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Extra patrols out in search of unbuckled and distracted drivers
For the Reporter
On the heels of the first-ever statewide distracted driving extra enforcement campaign, law enforcement officers will be out once again searching for not only unbuckled drivers but distracted drivers as part of the annual "Click it or Ticket" patrols.
Motorists in King County can expect to see extra seat belt and distracted driving patrols between May 19 and June 1.
In King County, during the recent distracted driving campaign between April 10 and 15, 836 cell phone and texting violations were written.
The "Handheld Cell Phone Use" law became a primary law in Washington in June 2010. Prior to that law taking effect, on average, 700 drivers were cited for cell phone use per month statewide. After the law went into effect, the number of motorists cited for cell phone use increased and has stayed consistent at approximately 4,000 per month.
Likewise, after the primary seat belt law took effect in June 2002 seat belt violations initially increased and then the seat belt use rate increased. This model of high visibility enforcement has proven to change behaviors and is now being applied to distracted driving. Texting and cell phone usage is aggravating to so many motorists and it remains a growing public health and traffic safety issue.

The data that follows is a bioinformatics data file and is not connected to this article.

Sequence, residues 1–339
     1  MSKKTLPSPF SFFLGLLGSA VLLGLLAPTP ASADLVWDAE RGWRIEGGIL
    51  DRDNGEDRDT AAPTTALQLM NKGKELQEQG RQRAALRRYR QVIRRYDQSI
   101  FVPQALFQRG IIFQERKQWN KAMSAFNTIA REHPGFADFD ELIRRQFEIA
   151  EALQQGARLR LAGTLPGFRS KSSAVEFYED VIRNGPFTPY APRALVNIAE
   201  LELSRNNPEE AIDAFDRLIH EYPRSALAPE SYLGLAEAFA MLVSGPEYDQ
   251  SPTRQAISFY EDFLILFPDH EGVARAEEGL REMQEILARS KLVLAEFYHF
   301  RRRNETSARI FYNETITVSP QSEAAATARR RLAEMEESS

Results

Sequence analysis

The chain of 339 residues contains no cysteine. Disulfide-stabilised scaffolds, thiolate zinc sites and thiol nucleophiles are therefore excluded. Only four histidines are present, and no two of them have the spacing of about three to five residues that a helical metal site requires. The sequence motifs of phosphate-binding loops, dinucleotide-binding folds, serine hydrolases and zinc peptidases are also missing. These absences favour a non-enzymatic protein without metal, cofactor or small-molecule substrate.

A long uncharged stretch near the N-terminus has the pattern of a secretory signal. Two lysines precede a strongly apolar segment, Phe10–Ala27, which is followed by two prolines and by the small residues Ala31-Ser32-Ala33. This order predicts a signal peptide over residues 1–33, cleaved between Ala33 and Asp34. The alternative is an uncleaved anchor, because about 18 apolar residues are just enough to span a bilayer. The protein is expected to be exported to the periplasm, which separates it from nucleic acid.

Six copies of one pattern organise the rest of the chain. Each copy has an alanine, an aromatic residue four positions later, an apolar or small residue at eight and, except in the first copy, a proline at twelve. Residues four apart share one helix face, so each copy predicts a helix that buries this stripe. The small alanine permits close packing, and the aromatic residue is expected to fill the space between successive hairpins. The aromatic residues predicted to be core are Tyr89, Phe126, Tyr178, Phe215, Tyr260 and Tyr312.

Last year, during this same time period (May-June), officers on extra patrols statewide issued 2,963 seat belt violations amongst the 11,666 motorists who were stopped.
Also last year during this time period, 1,897 cell phone and texting violations were written. However, taking a historical look, in 2010, (when the primary law went into effect) only 63 drivers were cited statewide at this time.
In King County, the Auburn, Bellevue, Black Diamond, Burien, Covington, Federal Way, Issaquah, Kent, Kirkland, Lake Forest Park, Maple Valley, Mercer Island, Port of Seattle, Redmond, Renton, Sammamish, SeaTac, Seattle, Snoqualmie, Tukwila and Woodinville Police Departments as well as the Washington State Patrol will be teaming up and participating in these extra patrols, with the support of the King County Target Zero Task Force.
These and all extra patrols are part of Target Zero—striving to end traffic deaths and serious injuries in Washington by 2030.